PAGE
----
The technique is known as hyperfocal focussing and it explains why some lenses have various markings on them in various colours with aperture numbers next to them, they're a simple depth of field calculator for any given aperture setting. I'd provide a link but it's better if you search yourself as some sites go into what may be far too much detail about the subject.

Hope this has helped you, all that I ask in return is that you take a moment to rate my answer. If there's anything which you want me to clarify further then add a comment to my answer and I'll return as soon as I can to assist you some more.

Jan 30, 2010 | Nikon N80 35mm SLR Camera

1 Answer

PORTRAIT SETTING ON Canon Powershot A710 IS GIVES EXACTLY SAME PHOTO AS ON AUTOMATIC. NEED I ACTIVATE SOMETHING ELSE TO GET A BLURRED BACKGROUND?


Portrait provides extra sharp focus on the subject. It also opens the aperture some, and may in SOME cases give you a blurred backbround depending on the distance of the subject and background to the camera.

If outdoors, consider setting the camera to manual flash so that it will lighten the subject. If indoors, consider turning off the flash. You may need to provide better external lighting on the subject, or use a tripod and ask the subject to hold still during the picture.

Try increasing the zoom (best is to set it to maximum), and then adjust your distance from the subject to get as close as possible. Note that you still might be standing relatively far away because of the zoom.

Another way to experiment further with focus and blurred backgrounds is to use aperture priority (Av) mode on your dial. Use the right/left button to set the lowest "f-number" on your screen. The lower the number, the greater the aperture. All other functions of your camera will automatically compensate. Again, use max zoom in taking closeups with low "f-numbers". Also experiment with the manual focus to pay particular attention to achieving sharp focus on your subjects eyes.

You have a very capable camera. It can do what you're thinking of. You just need to practice with it. It's digital, experiment with the above techniques. Throw away the bad pics and keep the good, noting which technique worked best for the lighting and situation.

Dec 28, 2009 | Canon PowerShot A710 IS Digital Camera

1 Answer

When I take a video, it blurs in and out every 2-3 seconds while I'm recording.


It is probably auto focussing on a moving subject or you are moving the camera making it focus more often.

Oct 25, 2009 | Sony Cyber-shot DSC-N2 Digital Camera

1 Answer

Focus problems with Nikon D700


use center fous mode dont keep multi focusing mode

Jun 17, 2009 | Nikon D700 Digital Camera

1 Answer

Canon rebel xsi trying to focus on subject and distort the background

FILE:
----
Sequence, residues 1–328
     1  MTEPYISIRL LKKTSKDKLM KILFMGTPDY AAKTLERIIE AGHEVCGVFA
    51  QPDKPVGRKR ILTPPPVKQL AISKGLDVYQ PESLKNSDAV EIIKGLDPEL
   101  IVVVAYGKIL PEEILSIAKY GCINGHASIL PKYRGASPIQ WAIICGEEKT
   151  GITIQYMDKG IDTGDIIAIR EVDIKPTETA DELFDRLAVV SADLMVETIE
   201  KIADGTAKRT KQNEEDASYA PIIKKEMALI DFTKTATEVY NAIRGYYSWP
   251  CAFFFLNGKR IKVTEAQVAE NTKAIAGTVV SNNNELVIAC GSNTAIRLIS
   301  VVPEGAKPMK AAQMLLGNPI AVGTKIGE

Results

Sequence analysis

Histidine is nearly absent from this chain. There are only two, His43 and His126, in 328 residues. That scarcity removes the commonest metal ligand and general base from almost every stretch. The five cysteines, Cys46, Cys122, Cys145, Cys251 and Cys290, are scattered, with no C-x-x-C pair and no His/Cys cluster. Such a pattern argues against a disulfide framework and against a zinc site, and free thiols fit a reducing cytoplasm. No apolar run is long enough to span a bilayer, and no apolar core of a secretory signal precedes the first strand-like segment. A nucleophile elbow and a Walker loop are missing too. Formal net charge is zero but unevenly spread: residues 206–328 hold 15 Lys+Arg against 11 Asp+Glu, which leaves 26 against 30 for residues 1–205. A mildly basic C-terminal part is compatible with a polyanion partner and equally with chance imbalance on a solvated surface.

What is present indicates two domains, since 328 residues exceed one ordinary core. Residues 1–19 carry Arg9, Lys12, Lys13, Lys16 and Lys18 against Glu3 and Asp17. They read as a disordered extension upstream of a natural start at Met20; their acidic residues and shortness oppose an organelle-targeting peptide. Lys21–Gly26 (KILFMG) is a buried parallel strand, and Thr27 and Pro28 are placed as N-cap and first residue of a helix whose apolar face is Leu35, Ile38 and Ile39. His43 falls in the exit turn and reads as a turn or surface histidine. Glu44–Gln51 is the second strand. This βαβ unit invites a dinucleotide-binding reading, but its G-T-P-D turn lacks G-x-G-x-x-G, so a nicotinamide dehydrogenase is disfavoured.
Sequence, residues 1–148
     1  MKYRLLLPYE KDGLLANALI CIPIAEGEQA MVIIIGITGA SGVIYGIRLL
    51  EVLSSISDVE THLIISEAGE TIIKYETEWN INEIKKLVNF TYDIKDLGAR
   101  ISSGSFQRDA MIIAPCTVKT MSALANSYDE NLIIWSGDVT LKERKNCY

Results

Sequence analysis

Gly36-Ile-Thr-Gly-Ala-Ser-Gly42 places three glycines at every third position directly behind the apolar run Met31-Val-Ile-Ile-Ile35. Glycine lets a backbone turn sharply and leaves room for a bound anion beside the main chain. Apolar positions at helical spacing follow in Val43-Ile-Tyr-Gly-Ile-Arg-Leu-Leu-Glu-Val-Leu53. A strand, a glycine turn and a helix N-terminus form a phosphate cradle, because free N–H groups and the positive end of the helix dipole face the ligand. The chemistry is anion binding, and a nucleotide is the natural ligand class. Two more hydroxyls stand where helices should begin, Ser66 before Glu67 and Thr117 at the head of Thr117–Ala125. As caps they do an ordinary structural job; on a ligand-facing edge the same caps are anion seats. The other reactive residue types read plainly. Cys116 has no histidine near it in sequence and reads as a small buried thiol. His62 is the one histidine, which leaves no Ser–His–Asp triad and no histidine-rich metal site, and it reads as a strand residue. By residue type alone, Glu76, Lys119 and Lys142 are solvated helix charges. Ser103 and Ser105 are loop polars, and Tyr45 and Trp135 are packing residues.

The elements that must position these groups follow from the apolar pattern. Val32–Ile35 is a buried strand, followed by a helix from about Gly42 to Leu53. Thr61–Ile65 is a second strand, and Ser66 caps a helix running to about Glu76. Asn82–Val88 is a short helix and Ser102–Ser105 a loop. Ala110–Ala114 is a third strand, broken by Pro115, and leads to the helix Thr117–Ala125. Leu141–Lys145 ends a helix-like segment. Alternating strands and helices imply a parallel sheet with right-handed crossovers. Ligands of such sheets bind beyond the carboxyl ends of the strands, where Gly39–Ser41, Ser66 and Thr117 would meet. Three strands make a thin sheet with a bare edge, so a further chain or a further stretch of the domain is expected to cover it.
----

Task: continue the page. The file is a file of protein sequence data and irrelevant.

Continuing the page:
If you want the background to be blurred in a shot, you will need to move closer to the subject, recompose the image, and shoot. Since you're shooting digital, I strongly recommend a lot of practicing shooting at different distances and F-stops to determine what you're looking for.

Pls rate if helpful.
Thanks!

Sep 17, 2008 | Canon Cameras

1 Answer

Digital slr camera


You'll need to use your camera in manual mode.

If you want the subject sharp, but the background blurred, use a large aperture and high speed exposure. This will reduce the focal length.

Remember that a large apertures are often used for night shots because they allow more light through the lense. A fast exposure will prevent the shot from being over exposed if you are taking it in daylight.

Flash photography is not recommended for the effect you are after.

Mar 24, 2008 | Canon EOS 400D / Rebel XTi Digital Camera

1 Answer

Slight blur shooting variety of subjects


It is just a possibility but you may have overrode the auto focus. If you accidentally move the focussing ring it disables the auto focus.

Mar 17, 2008 | Nikon 18-200mm f/3.5-5.6 G ED-IF AF-S VR...

6 Answers

Instruction manual


When I put in a memory card with pictures that someone else took with their camera nothing shows up. Actually it seems like my camera freezes. Please help.

Dec 28, 2007 | Largan Chameleon XP Digital Camera

2 Answers

Blurred background


In general, a digicam like the fz15 uses such small lenses (true focal length, not 35mm equivalent) and sensors that they have greater depth of field than a DSLR will have. The only way to really reduce it is to use f/2.8 and full zoom. Also it's reduced the closer the subject is to the lens.

Sep 07, 2005 | Panasonic Lumix DMC-FZ15 Digital Camera